What Causes Late Teething in Babies And When To See A Doctor?

check_icon Research-backed

The process of eruption of milk teeth is called teething. While teething follows a set pattern, it is not uncommon to see late teething in babies. The exact cause behind it is usually not always known. Nevertheless, most late teething cases are benign and do not need any intervention. Your pediatric dentist can help you rule out any other conditions that may require treatment.

Read this post to learn more about the causes and complications of late teething and when to see a doctor for it.

In This Article

Normal Teething Chart For Babies

The first teeth to erupt in a baby’s mouth are the lower front teeth

Image: Shutterstock

It is essential to understand normal teething patterns in babies to determine delayed teething. The first teeth to erupt in your baby’s mouth are the lower front teeth, and they do so around six months of age. The upper front teeth are the next, followed by other teeth that emerge within their respective age range (1).

Lower TeethUpper Teeth
Central incisor: 6-10 monthsCentral incisor: 8-12 months
Lateral incisor: 10-16 monthsLateral incisor: 9-13 months
First molar: 14-18 monthsFirst molar: 13-19 months
Canine: 17-23 monthsCanine: 16-22 months
Second molar: 23-31 monthsSecond molar: 25-33 months

What Is Delayed Teething?

Teething is defined as the process of primary teeth eruption from the gums (2). If the teeth do not erupt during the usual age range or there is a significant deviation from their expected time of eruption, then the baby is considered to be experiencing delayed teething (3).

Several signs and symptoms accompany the process of a tooth’s eruption. Babies with delayed tooth eruption also display delayed signs and symptoms of teething.

Should You Be Concerned If Your Baby Starts Teething Late?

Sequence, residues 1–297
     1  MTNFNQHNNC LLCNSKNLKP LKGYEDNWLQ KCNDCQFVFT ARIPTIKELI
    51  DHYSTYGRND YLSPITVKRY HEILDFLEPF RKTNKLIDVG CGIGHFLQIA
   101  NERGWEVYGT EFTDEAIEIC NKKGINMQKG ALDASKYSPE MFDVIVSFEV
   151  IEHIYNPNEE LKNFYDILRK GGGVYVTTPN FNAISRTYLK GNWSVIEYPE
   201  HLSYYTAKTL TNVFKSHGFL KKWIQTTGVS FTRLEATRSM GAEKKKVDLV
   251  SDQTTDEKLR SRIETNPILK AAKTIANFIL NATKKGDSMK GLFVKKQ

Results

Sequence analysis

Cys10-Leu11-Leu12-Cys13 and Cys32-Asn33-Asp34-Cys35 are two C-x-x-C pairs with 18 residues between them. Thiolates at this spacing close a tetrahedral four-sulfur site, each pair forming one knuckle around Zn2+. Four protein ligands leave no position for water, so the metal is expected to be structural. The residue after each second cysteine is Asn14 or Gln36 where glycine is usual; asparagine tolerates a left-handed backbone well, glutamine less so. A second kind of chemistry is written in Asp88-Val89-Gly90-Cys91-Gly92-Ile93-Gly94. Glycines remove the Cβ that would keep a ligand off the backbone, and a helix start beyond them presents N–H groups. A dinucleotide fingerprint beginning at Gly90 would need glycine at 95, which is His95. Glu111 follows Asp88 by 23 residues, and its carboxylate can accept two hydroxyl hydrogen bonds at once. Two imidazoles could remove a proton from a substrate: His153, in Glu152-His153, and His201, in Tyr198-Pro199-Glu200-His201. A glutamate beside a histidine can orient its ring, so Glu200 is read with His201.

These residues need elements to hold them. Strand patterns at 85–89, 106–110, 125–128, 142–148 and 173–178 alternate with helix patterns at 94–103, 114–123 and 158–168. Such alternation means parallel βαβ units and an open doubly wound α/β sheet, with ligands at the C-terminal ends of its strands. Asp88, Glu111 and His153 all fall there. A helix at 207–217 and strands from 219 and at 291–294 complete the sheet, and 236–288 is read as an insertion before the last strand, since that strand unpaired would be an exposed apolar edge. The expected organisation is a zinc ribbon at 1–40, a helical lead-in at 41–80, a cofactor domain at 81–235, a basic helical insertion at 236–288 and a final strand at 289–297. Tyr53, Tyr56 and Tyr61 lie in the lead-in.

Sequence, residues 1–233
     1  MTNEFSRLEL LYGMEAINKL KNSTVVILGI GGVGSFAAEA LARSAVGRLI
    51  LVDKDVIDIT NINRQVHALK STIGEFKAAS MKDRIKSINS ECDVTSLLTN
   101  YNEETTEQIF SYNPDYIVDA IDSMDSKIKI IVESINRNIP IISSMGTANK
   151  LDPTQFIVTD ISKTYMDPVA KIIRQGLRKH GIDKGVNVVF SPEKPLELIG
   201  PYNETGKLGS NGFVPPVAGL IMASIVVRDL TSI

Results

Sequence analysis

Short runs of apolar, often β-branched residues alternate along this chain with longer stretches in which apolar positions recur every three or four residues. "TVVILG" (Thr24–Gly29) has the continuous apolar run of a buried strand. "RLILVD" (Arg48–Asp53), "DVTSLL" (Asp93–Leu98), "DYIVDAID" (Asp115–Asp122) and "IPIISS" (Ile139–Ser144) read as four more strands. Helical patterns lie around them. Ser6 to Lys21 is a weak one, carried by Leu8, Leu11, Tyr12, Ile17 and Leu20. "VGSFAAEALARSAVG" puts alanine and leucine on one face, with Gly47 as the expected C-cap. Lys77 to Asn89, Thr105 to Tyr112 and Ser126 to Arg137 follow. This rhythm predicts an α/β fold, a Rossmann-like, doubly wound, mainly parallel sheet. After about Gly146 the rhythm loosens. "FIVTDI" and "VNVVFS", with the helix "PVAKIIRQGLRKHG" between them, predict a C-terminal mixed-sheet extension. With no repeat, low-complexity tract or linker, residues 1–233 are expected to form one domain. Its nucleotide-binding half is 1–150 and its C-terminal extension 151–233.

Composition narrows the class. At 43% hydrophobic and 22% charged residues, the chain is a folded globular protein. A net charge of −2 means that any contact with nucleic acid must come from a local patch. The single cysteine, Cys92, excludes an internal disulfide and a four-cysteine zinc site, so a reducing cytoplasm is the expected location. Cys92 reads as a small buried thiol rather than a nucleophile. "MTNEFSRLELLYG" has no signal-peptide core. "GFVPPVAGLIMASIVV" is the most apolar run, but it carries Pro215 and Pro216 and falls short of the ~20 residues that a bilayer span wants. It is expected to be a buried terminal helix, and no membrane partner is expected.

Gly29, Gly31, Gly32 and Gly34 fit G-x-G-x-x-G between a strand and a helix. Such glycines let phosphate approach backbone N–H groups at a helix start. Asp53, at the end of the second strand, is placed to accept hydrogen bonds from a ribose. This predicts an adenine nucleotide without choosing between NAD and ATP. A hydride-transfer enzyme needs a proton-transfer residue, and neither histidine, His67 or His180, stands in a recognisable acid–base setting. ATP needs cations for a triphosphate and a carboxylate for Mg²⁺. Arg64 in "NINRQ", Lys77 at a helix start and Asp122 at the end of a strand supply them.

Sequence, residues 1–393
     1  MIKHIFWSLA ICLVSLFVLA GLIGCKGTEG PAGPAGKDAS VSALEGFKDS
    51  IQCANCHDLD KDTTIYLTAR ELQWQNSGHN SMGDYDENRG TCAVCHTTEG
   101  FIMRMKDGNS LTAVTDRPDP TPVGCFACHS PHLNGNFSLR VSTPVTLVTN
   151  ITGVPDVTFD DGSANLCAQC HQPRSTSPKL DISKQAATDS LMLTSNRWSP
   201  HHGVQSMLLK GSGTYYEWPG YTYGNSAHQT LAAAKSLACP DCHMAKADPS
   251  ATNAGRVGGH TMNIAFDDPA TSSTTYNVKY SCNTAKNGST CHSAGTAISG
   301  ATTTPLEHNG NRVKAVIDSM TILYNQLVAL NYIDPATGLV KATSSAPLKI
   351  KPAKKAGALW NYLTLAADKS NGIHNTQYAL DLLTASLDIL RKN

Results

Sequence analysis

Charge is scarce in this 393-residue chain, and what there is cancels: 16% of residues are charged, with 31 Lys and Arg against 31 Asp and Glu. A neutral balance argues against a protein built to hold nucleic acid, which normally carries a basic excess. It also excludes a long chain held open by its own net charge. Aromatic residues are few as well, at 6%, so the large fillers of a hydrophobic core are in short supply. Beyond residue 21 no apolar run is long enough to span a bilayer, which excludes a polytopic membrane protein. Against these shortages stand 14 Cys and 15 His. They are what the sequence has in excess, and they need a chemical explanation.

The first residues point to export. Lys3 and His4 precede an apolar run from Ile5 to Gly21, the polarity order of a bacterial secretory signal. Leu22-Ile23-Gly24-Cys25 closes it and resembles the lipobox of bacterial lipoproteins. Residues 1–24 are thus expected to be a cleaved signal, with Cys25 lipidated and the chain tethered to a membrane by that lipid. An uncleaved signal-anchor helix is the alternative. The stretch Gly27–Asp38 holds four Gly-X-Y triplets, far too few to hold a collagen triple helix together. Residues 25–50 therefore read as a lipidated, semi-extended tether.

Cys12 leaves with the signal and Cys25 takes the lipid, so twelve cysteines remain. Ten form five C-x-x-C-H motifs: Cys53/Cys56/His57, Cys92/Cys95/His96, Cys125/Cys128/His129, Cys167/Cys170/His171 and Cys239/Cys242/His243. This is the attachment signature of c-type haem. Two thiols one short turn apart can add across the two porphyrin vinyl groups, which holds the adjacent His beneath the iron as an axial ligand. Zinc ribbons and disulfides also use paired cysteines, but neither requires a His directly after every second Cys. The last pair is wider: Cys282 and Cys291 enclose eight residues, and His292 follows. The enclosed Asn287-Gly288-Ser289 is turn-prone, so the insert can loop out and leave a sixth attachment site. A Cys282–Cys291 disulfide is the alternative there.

According to the Australian Dental Association, some babies may begin teething at an early age of four months, while some may start teething as late as ten months (1). There is usually no need to be concerned if your baby experiences delayed teething.

Each baby achieves developmental milestones at a different age, and it is the same with teething. A baby can achieve teeth eruption at any age within the specified age range. Therefore, you may wait since the baby could eventually experience teething on attaining the upper limit of the age range.

When To Consult A Doctor?

If your baby’s first teeth do not erupt after 12 months, see a pediatric dentist

Image: IStock

If your baby’s first teeth (lower central incisors) do not erupt even after the age of 12 months, see a pediatric dentist. Some babies are late bloomers and experience delayed teething for no specific reason. However, in some cases, delayed teething may occur due to underlying problems, which require diagnosis and treatment.

Other developmental milestones may not be related to teething; thus, do not wait for your baby to achieve teething with other milestones before taking them to a dentist (4).

What Causes Late Teething In Babies?

The following conditions may cause delayed teething in babies. Some of the reasons are pathological abnormalitiesiXAbnormality in structural or functional aspects of the body’s tissues or organs. and may require treatment to commence teething.

1. Hereditary factors

If you or your partner had similar late teething issues at the same age, it could likely be that your baby experiences similar issues.

2. Poor nutrition

Poor nutritional status can affect teeth eruption

Image: Shutterstock

Studies have shown that low birth weight or poor nutritional status or nutritional insufficiency can affect teeth eruption. The nutritional status of the body influences teeth in their pre-eruptive phase. Any deficiency in calcium and the vitamins D, C, B, and A can significantly impact your baby’s teething (5).

3. Thyroid disorders

Babies with thyroid disorders, especially hypothyroidismiXA condition caused due to thyroid gland's inability to produce sufficient amounts of thyroid hormone. , could have delayed teeth eruption. If they have any existing teeth, they may also have other dental problems, such as enamel hypoplasiaiXTooth abnormality that leads to reduced enamel (covering of the tooth crown) production. , open-bitesiXA dental condition where the top and bottom teeth do not meet when the mouth is closed. , or cross-bites (6).